Patterico's Pontifications

2/24/2011

In Which the Attorney General of Florida Apparently Cribs Off of Me…

Filed under: General — Aaron Worthing @ 5:29 pm



[Guest post by Aaron Worthing; if you have tips, please send them here.]

As I mentioned the other day, the Obama administration filed a highly misleading and bizarre “Motion to Clarify” in the Florida Obamacare case.  Well, today the states filed their response and well, apparently they cribbed off of me.  Consider the following…

From my post on the Motion to Clarify:

…the adminstration’s lawyers are confused and seek to clarify, or so they say.  But in truth, they seem to be actually intent in getting the judge to grant a de facto stay of his ruling…

Now from the states’ memorandum:

Defendants’ Motion is, in fact, a transparent attempt,  through the guise of seeking clarification, to obtain a stay pending appeal.

I mean they are being more formal, but they are basically saying the same thing, right?  And consider this part from my post:

Anyway, the brief as a whole is a thinly disguised motion for a stay or motion for reconsideration of the entire ruling…

And from the states’ memorandum:

Likewise, Defendants’  purported motion for “clarification” is infused with a scattershot discussion of alleged defects in the scope of the Court’s judgment, suggesting their real aim is a  reconsideration of the Court’s  ruling.

And from my discussion of Kennedy v. Medoza-Martinez:

There are several problems with applying Mendoza to this current situation, not the least of which being that the statute in question was repealed.

From their discussion of the same case:

[T]he Court’s decision was predicated on 28 U.S.C. § 2282, a statute that precluded single-judge district courts from barring the operation of a federal regulatory scheme on constitutional grounds, and that statute was repealed by Congress more than a generation ago, in 1976.

And the discussion of Carreno v. Johnson are also similar, but not with such an easily quotable parallel.

Of course I am joking.  It is simply the case that two like-minded people saw the same flaws in the government’s motion and we were equally able to see through their transparent attempt to convince the court to grant a stay or reconsideration without calling it that.  Its like two mathematicians reaching the same solution to a problem; in theory that is how it is supposed to happen.  There should be one correct answer.  So they probably never even read my little posts…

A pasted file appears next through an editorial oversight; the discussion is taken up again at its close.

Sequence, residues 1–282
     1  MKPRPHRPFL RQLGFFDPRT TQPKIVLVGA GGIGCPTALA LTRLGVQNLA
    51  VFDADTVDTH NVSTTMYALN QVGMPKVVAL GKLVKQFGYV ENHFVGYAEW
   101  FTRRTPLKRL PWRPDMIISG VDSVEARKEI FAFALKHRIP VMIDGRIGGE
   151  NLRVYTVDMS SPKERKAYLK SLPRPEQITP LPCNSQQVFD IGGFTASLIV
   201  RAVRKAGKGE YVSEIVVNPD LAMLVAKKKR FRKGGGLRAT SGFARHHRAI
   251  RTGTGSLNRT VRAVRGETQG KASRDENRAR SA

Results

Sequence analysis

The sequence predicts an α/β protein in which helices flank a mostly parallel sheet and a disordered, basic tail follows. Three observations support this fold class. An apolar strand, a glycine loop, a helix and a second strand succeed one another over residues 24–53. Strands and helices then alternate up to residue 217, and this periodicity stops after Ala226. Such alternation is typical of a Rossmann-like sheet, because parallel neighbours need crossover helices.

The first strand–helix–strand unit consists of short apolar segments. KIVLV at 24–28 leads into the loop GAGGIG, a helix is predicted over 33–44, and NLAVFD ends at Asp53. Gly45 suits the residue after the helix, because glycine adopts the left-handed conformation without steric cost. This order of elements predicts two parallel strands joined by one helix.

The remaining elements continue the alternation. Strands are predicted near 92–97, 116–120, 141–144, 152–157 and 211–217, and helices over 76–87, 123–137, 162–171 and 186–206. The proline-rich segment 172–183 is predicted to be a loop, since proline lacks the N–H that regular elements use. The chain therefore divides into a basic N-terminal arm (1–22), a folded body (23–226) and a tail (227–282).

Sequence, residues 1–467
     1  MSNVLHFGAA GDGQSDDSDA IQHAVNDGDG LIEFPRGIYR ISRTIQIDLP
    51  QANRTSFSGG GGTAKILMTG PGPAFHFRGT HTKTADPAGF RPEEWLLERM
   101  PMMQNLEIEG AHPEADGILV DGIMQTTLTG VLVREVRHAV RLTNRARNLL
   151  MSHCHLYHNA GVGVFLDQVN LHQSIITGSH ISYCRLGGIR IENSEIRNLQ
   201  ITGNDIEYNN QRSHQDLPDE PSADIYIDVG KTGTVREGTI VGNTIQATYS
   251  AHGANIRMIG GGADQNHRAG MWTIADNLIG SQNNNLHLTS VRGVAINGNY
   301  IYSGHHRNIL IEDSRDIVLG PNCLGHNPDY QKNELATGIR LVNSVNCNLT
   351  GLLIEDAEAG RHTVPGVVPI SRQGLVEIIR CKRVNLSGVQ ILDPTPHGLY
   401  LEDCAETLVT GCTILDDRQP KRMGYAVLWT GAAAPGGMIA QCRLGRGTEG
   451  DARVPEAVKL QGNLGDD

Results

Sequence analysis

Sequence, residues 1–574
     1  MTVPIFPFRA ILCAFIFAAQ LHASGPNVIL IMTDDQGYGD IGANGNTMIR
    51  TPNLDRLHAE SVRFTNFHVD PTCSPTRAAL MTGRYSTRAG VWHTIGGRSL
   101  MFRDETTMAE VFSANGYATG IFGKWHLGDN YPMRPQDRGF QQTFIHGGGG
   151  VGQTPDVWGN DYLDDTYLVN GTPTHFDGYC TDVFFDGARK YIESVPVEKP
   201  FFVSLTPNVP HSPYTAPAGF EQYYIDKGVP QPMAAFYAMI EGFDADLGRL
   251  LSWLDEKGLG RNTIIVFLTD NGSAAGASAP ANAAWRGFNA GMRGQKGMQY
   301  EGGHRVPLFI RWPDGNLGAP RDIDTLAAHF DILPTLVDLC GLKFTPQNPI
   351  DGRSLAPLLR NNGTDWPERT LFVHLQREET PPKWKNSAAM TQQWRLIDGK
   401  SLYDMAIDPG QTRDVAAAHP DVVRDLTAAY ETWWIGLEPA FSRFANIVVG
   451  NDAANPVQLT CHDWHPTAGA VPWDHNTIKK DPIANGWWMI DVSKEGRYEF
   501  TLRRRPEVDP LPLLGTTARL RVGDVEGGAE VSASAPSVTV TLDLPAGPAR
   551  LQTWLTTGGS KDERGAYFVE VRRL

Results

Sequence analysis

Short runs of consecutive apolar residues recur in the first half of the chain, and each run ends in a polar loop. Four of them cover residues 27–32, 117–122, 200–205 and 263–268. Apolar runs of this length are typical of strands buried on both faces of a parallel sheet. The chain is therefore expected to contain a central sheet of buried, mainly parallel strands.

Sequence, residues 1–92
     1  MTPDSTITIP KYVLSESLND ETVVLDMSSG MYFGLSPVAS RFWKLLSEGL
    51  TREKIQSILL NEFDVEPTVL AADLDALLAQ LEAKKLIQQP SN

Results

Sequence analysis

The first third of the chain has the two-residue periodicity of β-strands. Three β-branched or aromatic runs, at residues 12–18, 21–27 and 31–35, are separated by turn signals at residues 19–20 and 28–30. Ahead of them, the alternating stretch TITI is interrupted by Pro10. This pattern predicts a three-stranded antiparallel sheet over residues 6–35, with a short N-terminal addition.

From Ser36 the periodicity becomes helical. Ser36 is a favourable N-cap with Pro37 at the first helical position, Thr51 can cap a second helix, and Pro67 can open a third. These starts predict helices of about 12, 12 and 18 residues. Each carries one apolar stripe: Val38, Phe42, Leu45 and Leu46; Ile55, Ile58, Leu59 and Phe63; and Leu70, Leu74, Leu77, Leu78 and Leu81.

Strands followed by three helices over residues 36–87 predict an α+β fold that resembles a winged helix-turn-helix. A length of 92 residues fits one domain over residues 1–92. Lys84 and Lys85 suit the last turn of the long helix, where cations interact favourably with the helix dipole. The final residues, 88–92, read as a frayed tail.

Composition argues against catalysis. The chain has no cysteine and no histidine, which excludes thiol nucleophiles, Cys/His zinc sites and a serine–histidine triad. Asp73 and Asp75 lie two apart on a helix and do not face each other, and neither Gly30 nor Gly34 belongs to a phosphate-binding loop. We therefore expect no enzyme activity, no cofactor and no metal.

Or so I thought until I came across this line in their memorandum:

Defendants’  contention  that  the Court needs to clarify this basic legal principle “throws sand in [the Court’s] eyes[.]”

And then I remembered the title of this post

Holy crap!

So to the attorneys representing the states, please contact me for payment arrangements for the free legal help I gave you.  Or just make a sizable donation to Patterico using the options on the side in my name.

————-

Actually joking aside, they do say a lot that I didn’t.  I just found the parallelism interesting.  And one smart move they made was to pre-empt any motion for a stay.  They correctly state that the legal standard is as follows:

(1) whether the stay applicant has made a strong showing that he is likely to succeed on the merits; (2) whether  the applicant will be irreparably injured absent a stay; (3) whether issuance of the stay will substantially injure the other parties interested in the proceeding; and (4) where the public interest lies.

And then they answer each point.  I’ll punt on one, because obviously the judge who ruled against them is not going to say they are likely to succeed.  But then on the second issue, they write:

[T]he very fact  that Defendants refrained from immediately filing an appeal and seeking a stay, and instead waited two and one-half weeks and then merely moved to clarify the final judgment, seriously undermines any claim of irreparable injury….

Moreover, Defendants fail to show that they are “irreparably injured” by being prevented from continuing to roll out the hundreds of provisions that Congress intentionally bound together in the unconstitutional ACA.  The preexisting status  quo  should  be  in  effect  –  just  as  it  will  be once the appellate process is concluded and the Court’s judgment striking down the ACA has been affirmed.